Ways To Reduce Stress and Improve Emotional Well-Being
Reducing stress can be challenging, even during normal times. With the current crisis and social distancing recommendations, many people are experiencing higher levels of stress than normal, but there are many ways you can reduce your stress levels, lower your cortisol response, and increase your physical, mental, and emotional well-being. First, it's important to practice mindfulness and focus on being aware of what you're feeling. Reflect on the events or situations that are most stressful for you, and make a plan to practice some stress relief and relaxation techniques, including:
- Deep breathing.
- Regular exercise.
Deep breathing exercises are an excellent starting point to slowly lower your stress levels. To use this technique, breathe deeply and slowly through your nose and exhale through your mouth. Do this for 10 to 20 seconds, or however long you need to calm the feelings of stress and anxiety when you experience them. Use deep breathing anytime you feel anxious or stressed.
Meditation is another stress-relieving technique that combines deep breathing with mindfulness. When you practice meditation, sit with your eyes closed, focus on your breathing, and let your body relax as you mentally "let go" of the negative emotions you feel. Mediation can be challenging when you first start out, but you can use guided meditations to practice with until you're able to get into a relaxed state on your own.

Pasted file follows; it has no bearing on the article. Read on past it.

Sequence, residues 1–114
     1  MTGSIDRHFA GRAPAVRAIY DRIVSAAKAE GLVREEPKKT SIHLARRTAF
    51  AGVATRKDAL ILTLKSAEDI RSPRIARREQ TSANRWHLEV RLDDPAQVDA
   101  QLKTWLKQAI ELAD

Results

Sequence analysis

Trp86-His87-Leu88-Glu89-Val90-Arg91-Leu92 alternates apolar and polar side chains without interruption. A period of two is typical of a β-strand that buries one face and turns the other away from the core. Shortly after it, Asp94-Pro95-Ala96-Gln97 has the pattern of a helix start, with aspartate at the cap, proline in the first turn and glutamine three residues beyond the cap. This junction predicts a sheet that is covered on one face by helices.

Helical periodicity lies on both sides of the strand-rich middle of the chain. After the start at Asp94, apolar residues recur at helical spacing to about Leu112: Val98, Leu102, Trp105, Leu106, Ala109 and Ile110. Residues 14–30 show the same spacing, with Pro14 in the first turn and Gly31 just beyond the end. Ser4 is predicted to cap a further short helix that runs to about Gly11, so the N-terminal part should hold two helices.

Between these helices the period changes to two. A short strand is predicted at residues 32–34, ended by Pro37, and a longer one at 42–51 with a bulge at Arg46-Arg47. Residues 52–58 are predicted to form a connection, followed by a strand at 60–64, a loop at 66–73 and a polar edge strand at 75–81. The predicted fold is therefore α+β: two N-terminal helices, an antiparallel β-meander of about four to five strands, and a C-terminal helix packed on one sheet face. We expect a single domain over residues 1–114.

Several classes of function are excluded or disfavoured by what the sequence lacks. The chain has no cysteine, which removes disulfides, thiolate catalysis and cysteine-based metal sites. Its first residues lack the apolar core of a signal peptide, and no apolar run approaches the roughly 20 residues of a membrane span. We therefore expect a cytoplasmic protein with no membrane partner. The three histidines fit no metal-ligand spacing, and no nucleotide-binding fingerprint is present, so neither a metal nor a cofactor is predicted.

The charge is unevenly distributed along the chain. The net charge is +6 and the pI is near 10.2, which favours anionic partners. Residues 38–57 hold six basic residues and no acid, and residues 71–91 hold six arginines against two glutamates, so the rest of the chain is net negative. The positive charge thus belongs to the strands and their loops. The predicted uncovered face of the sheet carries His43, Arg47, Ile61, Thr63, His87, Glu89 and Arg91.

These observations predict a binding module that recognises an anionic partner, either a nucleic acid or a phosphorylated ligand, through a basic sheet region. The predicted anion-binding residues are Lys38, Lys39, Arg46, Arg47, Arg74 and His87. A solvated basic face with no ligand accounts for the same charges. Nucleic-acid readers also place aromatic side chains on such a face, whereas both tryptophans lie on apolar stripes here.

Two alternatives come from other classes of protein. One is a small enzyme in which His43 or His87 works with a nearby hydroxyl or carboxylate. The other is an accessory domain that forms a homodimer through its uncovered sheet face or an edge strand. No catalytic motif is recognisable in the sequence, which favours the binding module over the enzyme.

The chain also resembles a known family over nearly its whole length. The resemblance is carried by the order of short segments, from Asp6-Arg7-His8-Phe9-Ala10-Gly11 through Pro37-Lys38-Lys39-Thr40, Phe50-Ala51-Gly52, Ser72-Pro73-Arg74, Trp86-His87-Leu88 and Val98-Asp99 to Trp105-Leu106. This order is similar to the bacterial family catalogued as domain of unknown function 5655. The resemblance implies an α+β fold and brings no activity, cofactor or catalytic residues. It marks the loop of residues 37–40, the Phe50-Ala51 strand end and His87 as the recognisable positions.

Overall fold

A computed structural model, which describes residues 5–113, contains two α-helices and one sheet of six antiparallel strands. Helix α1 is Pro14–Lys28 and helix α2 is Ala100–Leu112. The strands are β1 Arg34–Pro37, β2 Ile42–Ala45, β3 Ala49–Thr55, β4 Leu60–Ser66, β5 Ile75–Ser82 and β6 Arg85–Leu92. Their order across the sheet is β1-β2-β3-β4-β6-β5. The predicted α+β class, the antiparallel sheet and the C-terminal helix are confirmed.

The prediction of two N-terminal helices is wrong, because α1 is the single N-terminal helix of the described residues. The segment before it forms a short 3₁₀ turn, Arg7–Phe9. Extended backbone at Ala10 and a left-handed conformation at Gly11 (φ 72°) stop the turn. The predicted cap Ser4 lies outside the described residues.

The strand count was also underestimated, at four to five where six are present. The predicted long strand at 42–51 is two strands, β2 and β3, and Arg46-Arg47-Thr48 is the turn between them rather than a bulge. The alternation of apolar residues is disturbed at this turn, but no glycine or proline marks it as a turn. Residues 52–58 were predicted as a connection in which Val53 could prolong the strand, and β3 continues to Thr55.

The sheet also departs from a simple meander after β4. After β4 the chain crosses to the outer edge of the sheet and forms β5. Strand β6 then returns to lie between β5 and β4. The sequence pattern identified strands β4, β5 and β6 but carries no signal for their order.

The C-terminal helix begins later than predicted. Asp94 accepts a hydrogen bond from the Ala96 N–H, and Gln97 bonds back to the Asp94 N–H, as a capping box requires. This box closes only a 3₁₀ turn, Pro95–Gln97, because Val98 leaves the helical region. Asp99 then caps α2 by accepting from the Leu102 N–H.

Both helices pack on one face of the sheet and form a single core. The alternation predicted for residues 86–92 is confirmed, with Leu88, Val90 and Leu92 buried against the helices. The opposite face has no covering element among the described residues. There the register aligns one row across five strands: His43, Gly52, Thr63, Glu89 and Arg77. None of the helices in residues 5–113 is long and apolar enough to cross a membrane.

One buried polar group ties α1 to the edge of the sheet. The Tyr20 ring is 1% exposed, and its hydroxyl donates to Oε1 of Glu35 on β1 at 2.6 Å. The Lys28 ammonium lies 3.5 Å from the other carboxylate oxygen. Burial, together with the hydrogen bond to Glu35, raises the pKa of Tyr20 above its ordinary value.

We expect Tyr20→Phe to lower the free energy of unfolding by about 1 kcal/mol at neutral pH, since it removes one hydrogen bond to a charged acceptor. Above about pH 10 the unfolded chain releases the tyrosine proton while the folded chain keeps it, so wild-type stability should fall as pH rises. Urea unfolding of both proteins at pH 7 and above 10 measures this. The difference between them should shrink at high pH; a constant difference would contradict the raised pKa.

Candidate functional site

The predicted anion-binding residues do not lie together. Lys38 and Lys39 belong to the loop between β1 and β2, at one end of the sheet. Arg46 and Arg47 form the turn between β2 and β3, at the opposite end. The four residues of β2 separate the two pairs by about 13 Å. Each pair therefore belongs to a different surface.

Regular exercise can reduce cortisol levels and can promote overall relaxation. Yoga is a great way to get exercise and continue practicing your deep breathing techniques, as it relies on breath and breathing patterns for many yoga poses and styles. Combine your exercise routine with a healthy diet that incorporates whole foods, fruits, vegetables, and any natural vitamins and supplements you take.
Keep a journal where you can record your feelings and reflect on them. You can use your journal for writing about the times you feel stressed out and what you're doing to relieve your stress. Keep track of your day-to-day emotions and mindset, and record the stress relief and relaxation methods you use and which ones work best for you. This can help you get control of your emotions and boost your mood as you learn and develop your abilities to calm yourself during stressful experiences.
Communicate with loved ones and people you trust, such as your physician or a counselor. Talk about what you're going through and express yourself. Having a support system is important and reminds you that you're not alone, which can help you relieve your stress and anxiety. Talking through your emotions with someone you feel comfortable and safe with can boost your mood and reduce stress and anxiety.
Chronic stress and mental health issues can be challenging to cope with. If you're curious about your hormonal balance and health, contact the biostation and ask about our diagnostic and hormone therapy services so you can learn about your unique physiology and how to find the best long-term stress relief methods for you.